The Fireworks in Birr in 1851: Optimism after despair. By Michael Byrne

What a marvel it must have been in Birr in the year 1851. The town and the country were barely emerging from the shocking catastrophe of Famine and the associated fevers and deaths. Emigration was everywhere and Irish towns presented a shocking appearance of want and degradation. The town’s historian, Thomas Lalor Cooke, had reflected on the quietness and lack of social life in the mid-1840s. Birr suffered many deaths, especially from fever in the late Famine years. Yet, a spirit of optimism was in the air and many improvements would follow in the 1850s including railroads, gas lighting and local government.

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Sir Charles Parsons of Birr and his company C. A. Parsons and Company in Newcastle, by Ruth Baldesera

Ruth Baldesera is Quality Engineer at CAP Works, Newcastle, Tyne and Wear, where Sir Charles Parsons (1854-1931), son of the 3rd Earl of Rosse, founded his world famous engineering works. Sir Charles is best-known for inventing the steam turbine which revolutionised marine transportation and the mass production of electricity. Over the past few years Ruth has spearheaded a heritage project in Newcastle dedicated to the achievements of Sir Charles Parsons and in this article she outlines the scope and outcome of the project.

 

The Factory

Sir Charles Algernon Parsons “…the first Engineer to use a steam turbine to produce large amounts of power for electricity generation and driving ships”.

In 1889, Charles Parsons established C. A. Parsons & Company in Heaton, Newcastle, to produce turbo generators to his design. In the same year he set up the Newcastle and District Electric Lighting Company (DisCo) and in 1890, DisCo opened Forth Banks Power Station, the first power station in the world to generate electricity using steam turbo generators. Continue reading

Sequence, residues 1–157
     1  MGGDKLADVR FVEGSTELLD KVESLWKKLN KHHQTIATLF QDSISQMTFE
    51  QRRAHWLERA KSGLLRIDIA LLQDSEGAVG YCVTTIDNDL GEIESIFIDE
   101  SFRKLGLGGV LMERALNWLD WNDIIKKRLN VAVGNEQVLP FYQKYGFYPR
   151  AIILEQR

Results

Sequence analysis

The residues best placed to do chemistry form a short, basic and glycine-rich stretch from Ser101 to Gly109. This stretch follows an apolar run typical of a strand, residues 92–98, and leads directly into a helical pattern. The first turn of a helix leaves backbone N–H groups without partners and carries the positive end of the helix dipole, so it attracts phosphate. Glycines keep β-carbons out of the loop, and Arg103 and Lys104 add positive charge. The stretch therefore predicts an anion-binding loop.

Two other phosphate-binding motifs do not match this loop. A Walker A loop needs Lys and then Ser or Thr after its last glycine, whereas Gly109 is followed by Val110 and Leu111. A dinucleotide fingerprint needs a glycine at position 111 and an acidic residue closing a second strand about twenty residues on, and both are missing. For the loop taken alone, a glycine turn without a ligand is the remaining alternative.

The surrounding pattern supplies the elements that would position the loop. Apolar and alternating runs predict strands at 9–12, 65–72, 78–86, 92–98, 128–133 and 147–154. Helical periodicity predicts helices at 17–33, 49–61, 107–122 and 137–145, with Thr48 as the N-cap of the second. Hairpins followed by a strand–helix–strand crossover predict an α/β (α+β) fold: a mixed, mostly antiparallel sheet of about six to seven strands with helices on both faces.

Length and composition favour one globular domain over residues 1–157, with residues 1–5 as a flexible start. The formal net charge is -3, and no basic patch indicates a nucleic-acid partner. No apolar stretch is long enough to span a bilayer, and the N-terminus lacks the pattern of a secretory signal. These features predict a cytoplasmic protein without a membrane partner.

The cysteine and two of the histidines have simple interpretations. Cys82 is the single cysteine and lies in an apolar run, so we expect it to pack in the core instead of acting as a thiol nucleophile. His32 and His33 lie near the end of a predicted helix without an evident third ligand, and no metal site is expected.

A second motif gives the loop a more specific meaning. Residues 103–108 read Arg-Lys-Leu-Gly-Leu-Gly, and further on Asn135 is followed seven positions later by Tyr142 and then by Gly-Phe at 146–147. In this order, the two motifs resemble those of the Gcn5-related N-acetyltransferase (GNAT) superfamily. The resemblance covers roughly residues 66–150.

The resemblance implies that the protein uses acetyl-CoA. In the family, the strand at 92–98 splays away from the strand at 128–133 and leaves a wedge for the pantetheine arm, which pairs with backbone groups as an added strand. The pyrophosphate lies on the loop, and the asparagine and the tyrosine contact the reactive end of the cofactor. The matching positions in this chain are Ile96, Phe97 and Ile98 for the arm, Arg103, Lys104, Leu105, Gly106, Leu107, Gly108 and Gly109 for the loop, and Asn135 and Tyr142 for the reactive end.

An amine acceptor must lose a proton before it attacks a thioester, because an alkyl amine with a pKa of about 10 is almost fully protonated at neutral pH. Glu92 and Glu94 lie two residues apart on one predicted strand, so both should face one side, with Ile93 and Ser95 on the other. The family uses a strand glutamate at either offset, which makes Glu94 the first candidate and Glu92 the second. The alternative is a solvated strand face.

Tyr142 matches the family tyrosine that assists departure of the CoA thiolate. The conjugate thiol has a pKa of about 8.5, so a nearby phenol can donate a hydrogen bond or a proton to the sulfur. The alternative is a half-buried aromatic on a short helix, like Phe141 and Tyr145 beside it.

Barbados to Birr, the story of Sergeant Gordon Brooker, Leinster Regiment. By Stephen Callaghan

The 11th March 2019 marked the 100th anniversary of the death of Sergeant Gordon Brooker of the Leinster Regiment, a soldier who for the best part of the last 96 years was buried in an unmarked grave in Clonoghill Cemetery, Birr. This is his story.

Gordon McNeill Brooker was born around 1886 in the parish of St John’s, Barbados. He was the son of Benjamin and Elizabeth Brooker. They lived on a plantation in the parish of St Philip. Gordon enlisted in Barbados for a short term of military service (3 years with the army and 9 years in the reserves) with the Lancashire Fusiliers on 11 September 1903, aged 18 years. He gave his previous trade as an engine driver at water works. Upon enlistment he was recorded as being 5 feet 6 and a half inches tall and having blues eyes and brown hair. He was tattooed on both forearms and his right breast. Continue reading

Early Aviation in and around Offaly by Guy Warner

No 2 Squadron at Limerick in 1913.
No 2 Squadron at Limerick in 1913.

In 1910, about six weeks before the first successful powered flight in Ireland by Harry Ferguson in Co Down, the King’s County Chronicle reported as follows, ‘Mr Michael Carroll, cycle mechanic, conducted experiments in aviation in the hills adjoining Birr reservoir. An apparatus constructed from calico and bamboo made one or two fitful attempts to ascend. The incredulous may laugh at his efforts but it should not be forgotten that every great invention has its beginning in failure.’ One week later it was noted that the Engineering and Scientific Association of Ireland [founded in Dublin in 1903] had been discussing aviation, ‘The opinion was expressed that flying through the air was not an accomplished fact, though eventually it would be, that flying was not of any practical use and that men now engaged in a series of experiments in aviation would not die in their beds.’

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Offaly and the First Air War: Joe Gleeson

2_D.H.4
2. D.H.4 bomber, aircrew posing with map (IWM, Q12021)

Offaly had a small but significant part in the early years of military aviation. In September 1913 Offaly was an important base for some of the earliest uses of aircraft in the annual British Army manoeuvres; some of the Royal Flying Corps’ earliest crashes took place in Offaly during those operations. Approximately 85 men who served in the Allied flying services were born or from Offaly, but their impact was far greater than would be expected. Ferbane hosted an operational wartime base at ‘RAF Athlone’, and there was a landing ground at Birr during the 1918-1920 mobilisation period.